When my girl turned three, Granny, Granny’s sister, and Granny’s mom joined forces and bought a pink extravaganza. There was a little baby doll, and a little baby diaper bag, and even a little diaper for the baby. There was also some princess stuff, like a tiara, and a necklace, and a wand (maybe she was a fairy and not a princess? It’s a thin line) and clip-on earrings, and a dress, and of course, my girl’s first high heels.
With disbelief, I watched my little baby stumble on her new heels from one side of the room to the other. She was happy because it was her birthday, and because she got the attention and the presents, and because…
Or maybe she was happy because of these particular presents. Maybe she liked her new purse heels tiara earrings bracelet necklace.
When it comes to the debate between nature and nurture, I strongly stand behind the latter. I believe girls like pink princesses because they’re told they’re supposed to like them, and that by the age of 3, this stuff is so ingrained in their heads, that there’s no turning back. Tell a three year old girl that boys can play with dolls, and she’ll think you’re being silly. Tell a boy that the birthday party goody bag with the Cars stickers actually goes to his sister, and he’ll know you’re joking. We teach them this stuff from the moment they’re born, and then when they exhibit the behavior we’ve taught them, we say triumphantly, “See? Girls ARE different than boys! Hey, can’t fight nature.”
Don’t get me wrong: as much as I believe girls learn to love pink stuff, and are not born to tea-party, I don’t care THAT much. I mean, my girl looked happy in her high heels, and that was the only thing that mattered at the moment. And look at her with Great-Grandma, dressing up her new baby doll.
But a few days later, I did gently confront Granny, my wife’s mom.
“It’s OK to get her this pink princess stuff,” I said, “but she needs balance. If you buy her pink stuff, maybe buy her some other, non-pink stuff too? Just to teach her there’s more to a girl’s life than princesses and dolls.”
And I thought I was being fair, until my mother-in-law said, “I get this stuff to balance your time with her.”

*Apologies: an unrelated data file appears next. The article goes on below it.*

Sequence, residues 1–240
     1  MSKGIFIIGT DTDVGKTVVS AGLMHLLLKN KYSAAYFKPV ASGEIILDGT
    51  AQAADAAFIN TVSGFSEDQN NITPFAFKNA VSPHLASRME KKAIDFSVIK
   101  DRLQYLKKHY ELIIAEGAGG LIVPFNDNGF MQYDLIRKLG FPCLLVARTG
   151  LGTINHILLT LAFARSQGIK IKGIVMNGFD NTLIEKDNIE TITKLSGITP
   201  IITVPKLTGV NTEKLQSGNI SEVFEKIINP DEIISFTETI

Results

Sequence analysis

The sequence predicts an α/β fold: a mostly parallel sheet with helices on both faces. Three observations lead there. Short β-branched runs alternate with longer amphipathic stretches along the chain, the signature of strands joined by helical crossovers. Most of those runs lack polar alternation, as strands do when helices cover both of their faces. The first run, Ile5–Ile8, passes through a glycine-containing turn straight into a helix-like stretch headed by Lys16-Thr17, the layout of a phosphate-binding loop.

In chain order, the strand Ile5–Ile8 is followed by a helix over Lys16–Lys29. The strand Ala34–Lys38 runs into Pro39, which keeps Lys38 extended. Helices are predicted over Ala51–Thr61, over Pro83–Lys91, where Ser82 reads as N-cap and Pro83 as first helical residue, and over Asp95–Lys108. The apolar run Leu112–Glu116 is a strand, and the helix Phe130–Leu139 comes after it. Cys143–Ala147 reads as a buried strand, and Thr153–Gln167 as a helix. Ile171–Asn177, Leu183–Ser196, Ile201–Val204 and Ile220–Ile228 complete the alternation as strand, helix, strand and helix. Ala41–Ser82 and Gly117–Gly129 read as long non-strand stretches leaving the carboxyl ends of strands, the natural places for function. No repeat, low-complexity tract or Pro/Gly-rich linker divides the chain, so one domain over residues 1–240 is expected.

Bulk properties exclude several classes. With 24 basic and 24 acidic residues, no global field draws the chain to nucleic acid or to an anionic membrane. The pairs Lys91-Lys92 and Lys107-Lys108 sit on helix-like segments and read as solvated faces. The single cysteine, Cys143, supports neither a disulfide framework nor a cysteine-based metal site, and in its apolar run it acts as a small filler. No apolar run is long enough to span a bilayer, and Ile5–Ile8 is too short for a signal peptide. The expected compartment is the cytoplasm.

Which made me feel defensive at first, but then I realized it actually made perfect sense. I’m a stay-at-home dad of a girl who spends most of her day with me. And what does she do with me? We play basketball and soccer together, we go on hikes, we play with Lego and with puzzles… There’s nothing “girly” about my girl most of the time. I haven’t even put her in a dress in the three years of dressing her up in the morning. I don’t do it on purpose–I don’t try to stop her from being who she wants to be or to push her into being anything she doesn’t want to be. I like to play soccer with my kids, and the fact that she’s a girl shouldn’t stop me.
So that was quite the eye-opener. Is it possible that the pink stuff is not something I should fight against, but something I should embrace, as hard as it is to do, since it keeps the balance I want for my girl? Maybe when she walks around with her little purse like she’s Paris freakin’ Hilton, I can take a step back and let her do her thing. And when she’s done walking back and forth with her purse, I’ll throw a plastic ball on her head, and watch her laugh as she falls, gets back up, and kicks the ball back to me.
Speaking of balance, here’s her birthday cake. We asked her what she wanted on her cake, and she said, “Princess.” We agreed, but said she had to have something else there, for a balance. Which is how we ended up with this…
My girl, the sometimes-princess.
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